The Home Edition one features a much lesser dose of human mutilation and is more about special-needs families identified by their community who have their house destroyed by cheerful people with bleached teeth only to have it replaced with a run-of-the-mill McMansion.
The one I saw was just today, Sunday. I missed the beginning so I didn't catch all the circumstances, but there were thirteen people living in a 900 square foot non-insulated hovel with holes in the ceiling. In Alaska.
The family is all packed up and sent on a week-long vacation to Disney-something (vertical integration is not a sin) while the cast of Rent and an army of conscripted contractors descend on the old house, destroy it and from it's ashes raise something new and powerful, Phoenix-like. Seriously, I hear they're razing all kinds of old neighborhoods in just this manner in Phoenix. Only with more eviction than so much Disney. The heat is not the only thing that is cruel in Arizona.
What can we find to be critical of in a show like this? Where can I fit the grad-school-honed thin edge of the wedge so that I might explode this operation in some dazzling and possibly publishable way?
I guess I could say that even though ostensibly the motivation of the show is altruistic, I could go so far as to point out that the existence of advertising breaks between segments of the edited bits of presentation (they have to edit some, you know... the show isn't actually seven days long) means that the primary motivation of the ABC/Disney people is not to help these people but rather to generate income for themselves. The cost of the new house and all its furnishings probably positively disappears next to the volume of income generated for ABC by selling primetime ad space for a well-watched television show. The more dire the family circumstances, the better as the dichotomy between project-start and project-end makes for a heightened sense of drama less for the sake of the family than to excite and entice the viewer, more of which mean programming schedule stability on Sunday nights and high, more regular rates for ad-space.
But the exploitation idea kind of goes out the window when you consider that these people actually do sort of get a new house...
But then, these are people who could only afford a 900 sqft house a couple hundred miles from the Arctic Circle. And now they are going to somehow be able to maintain a nearly 5,000 sqft replacement house. The TVs they put in the headrests on Pimp My Ride are pretty useless, but your car still only needs gas.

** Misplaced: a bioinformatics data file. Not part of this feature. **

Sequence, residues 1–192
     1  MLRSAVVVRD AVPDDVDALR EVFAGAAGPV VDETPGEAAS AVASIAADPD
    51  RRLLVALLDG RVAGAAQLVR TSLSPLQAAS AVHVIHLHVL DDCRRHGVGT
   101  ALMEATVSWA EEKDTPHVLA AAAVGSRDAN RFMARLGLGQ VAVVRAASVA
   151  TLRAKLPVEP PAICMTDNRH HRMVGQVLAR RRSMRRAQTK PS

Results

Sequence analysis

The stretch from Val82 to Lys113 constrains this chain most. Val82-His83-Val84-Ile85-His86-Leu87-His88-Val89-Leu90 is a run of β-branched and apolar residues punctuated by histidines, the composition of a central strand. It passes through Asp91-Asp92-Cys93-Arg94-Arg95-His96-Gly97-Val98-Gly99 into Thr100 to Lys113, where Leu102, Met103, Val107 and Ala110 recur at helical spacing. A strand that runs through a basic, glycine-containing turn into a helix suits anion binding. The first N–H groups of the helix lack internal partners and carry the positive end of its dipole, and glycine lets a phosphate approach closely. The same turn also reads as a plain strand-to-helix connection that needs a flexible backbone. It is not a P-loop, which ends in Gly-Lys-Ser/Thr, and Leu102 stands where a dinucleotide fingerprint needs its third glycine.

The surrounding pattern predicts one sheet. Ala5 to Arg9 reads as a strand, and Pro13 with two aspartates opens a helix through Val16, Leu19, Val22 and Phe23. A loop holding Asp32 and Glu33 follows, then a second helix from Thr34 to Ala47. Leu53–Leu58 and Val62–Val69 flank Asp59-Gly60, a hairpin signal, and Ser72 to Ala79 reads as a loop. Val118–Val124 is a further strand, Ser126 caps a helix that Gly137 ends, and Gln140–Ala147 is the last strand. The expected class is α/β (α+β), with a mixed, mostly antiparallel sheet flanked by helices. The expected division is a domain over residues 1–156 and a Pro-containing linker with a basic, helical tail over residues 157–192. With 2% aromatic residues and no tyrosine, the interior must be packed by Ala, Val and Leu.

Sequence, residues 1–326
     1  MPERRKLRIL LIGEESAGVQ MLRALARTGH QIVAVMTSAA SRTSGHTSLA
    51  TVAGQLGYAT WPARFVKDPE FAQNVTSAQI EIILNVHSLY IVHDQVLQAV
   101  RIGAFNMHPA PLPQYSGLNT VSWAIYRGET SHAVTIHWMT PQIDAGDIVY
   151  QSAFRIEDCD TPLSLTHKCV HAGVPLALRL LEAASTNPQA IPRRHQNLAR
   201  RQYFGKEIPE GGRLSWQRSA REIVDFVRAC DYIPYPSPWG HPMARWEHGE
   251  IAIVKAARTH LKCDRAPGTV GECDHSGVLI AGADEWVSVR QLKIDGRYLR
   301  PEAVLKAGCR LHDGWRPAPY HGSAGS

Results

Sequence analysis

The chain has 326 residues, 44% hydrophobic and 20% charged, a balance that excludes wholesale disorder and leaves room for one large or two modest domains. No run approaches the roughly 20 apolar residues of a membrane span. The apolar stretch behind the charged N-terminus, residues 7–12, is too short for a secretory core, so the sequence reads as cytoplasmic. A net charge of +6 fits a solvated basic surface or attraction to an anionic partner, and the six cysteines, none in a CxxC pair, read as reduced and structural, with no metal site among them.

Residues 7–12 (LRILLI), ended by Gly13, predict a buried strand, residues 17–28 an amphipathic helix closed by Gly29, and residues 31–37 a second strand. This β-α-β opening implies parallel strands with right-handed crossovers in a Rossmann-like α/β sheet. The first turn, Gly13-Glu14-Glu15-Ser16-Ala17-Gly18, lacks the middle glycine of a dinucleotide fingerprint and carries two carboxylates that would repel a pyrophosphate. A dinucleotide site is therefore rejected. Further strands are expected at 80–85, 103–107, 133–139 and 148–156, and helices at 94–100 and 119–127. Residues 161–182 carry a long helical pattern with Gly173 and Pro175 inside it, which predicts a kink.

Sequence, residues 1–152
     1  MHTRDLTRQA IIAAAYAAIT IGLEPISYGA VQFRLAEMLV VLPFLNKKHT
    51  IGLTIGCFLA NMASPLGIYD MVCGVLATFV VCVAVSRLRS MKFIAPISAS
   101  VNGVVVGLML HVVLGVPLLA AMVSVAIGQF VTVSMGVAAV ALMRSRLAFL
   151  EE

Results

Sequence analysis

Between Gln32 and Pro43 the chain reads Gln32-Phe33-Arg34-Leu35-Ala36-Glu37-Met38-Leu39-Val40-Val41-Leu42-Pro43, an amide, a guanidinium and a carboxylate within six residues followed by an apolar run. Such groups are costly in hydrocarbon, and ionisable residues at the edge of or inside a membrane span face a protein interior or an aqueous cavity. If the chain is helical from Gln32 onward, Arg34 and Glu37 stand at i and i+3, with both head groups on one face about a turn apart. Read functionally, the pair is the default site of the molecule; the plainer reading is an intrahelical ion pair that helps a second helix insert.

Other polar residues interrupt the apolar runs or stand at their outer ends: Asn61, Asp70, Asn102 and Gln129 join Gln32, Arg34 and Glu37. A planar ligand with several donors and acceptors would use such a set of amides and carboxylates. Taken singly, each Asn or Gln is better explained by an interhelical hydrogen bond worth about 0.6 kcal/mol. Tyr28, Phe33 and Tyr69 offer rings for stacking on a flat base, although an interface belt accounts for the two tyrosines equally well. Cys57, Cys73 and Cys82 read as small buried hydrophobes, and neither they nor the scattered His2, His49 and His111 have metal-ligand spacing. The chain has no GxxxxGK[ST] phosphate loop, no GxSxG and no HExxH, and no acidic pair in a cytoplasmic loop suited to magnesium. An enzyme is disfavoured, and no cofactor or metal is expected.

Again, though, I guess upkeep costs are something you can figure out seeing as you're not freezing to death anymore.
The best argument against this show I can think of is a social one. Look, if for instance you have a kid who is blind and deaf and has no arms or legs, sure, it's nice to have the Gay Mafia roll in and build you a ramp/conveyor belt contraption in front for access and a series of bite-able ceiling-mounted rings to swing from down the hallway, but come on. What does this teach people? What will this kid do when s/he's out in the real world and confronted by stairs? Or, you know, however it is someone communicates to someone in that condition the concept of stairs... the point is, the ramp/conveyor belt/swinging rings idea is just Big Brother coroporations coddling this poor child, leaving them ill-equipped to deal with the obstacles of everyday life. I mean, you know, more ill equipped than an obviously angry God has already left them.
The reliance on handouts and help from those who can afford to give it can only mean trouble as we develop an entire society forcing us to adapt to the needs of those who have less. Today it's corporations, but how long before the big hearts and altruism of multinationals are affecting governments? Next thing you know there's going to be a law forcing us to build these confounded ramp contraptions in front of every public building. With all these ramps in the way, where will we stand outside to smoke?
I say no. I say make them hop/waddle/scramble like the rest of us do. Sure, for those of us unfortunate enough to be born with working sensory organs and a minimally requisite number of wither-free, full-sized limbs to allow unaided locomotion, it's metaphorical, but there's no giant corporation lining up to give us money out of the goodness of their hearts either. So it all evens out.
See, I knew I could do it. You're welcome, mom. No don't ask for anything else when birthday time rolls around.
This post on the Narcissus Scale: 7.7